Saturday , January 23 2021

Julleverancen arrives at the space station

CAPE CANAVERAL, Fla. (AP) – A SpaceX delivery full of Christmas celebrations arrived at the International Space Station on Saturday after a slight delay caused by a communication failure.

The Dragon Capsule pulled on the circulating lab three days after the launch from Cape Canaveral. Commander Alexander Gerst used the space station's large robot arm to seize the cargo carrier as the two vessels rose 250 miles across the Pacific Ocean.

It took two attempts to get the dragon close enough to catch.

NASA called Dragon's first access due to communication network problems serving the space station. New Mexico Equipment Failure for NASA's Tracking and Data Relay Satellite system resulted in a temporary loss of communication with the station. For security, Mission Control has ordered Dragon to back up.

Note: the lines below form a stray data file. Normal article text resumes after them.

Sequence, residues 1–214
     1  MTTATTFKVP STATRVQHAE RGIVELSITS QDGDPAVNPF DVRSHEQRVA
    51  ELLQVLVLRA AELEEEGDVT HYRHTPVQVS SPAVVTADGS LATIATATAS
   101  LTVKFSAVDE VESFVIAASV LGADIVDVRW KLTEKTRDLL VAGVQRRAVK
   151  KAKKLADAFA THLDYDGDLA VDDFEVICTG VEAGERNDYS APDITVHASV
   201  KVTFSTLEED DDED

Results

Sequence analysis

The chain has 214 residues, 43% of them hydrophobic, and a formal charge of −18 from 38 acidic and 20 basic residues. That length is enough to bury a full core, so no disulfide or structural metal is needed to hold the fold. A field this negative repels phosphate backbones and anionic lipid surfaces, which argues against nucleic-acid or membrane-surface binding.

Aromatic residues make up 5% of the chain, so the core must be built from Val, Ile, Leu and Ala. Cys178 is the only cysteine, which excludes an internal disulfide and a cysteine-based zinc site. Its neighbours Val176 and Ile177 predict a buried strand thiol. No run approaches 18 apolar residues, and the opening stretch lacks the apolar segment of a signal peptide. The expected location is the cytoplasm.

It was a successful train two – just one and a half hours – after NASA switched to another TDRS satellite.

It bolted down Dragon contains everything the astronauts of the station need for Christmas dinner, as well as mice and worms to science experiments and more than 5,000 pounds (2,270 kg) stationary equipment.

The holiday food includes smoked turkey, green beans stew, candied yams, cranberry sauce and fruit cake. There are also shortbread and buttercakes, with ice cream for decorating.

Three of the space station residents will be aboard for Christmas; The other three will return to Earth on December 20th. Until then, the station is home to two Americans, two Russians, one Canadian and Gerst, who is German.

It is the second space station visit for this reused dragon; It was there last year too.

First-stage booster, used in Wednesday's launch, is back in port after landing at sea instead of Cape Canaveral. SpaceX dragged booster to land for possible future recycling, as well as for an investigation of what went wrong.

SpaceX has made station shipments to NASA since 2012. This is its 16th delivery under contract.

Two other supply ships are attached to the space station: One Russian and the other, sent by NASA's second commercial sender, Northrop Grumman.

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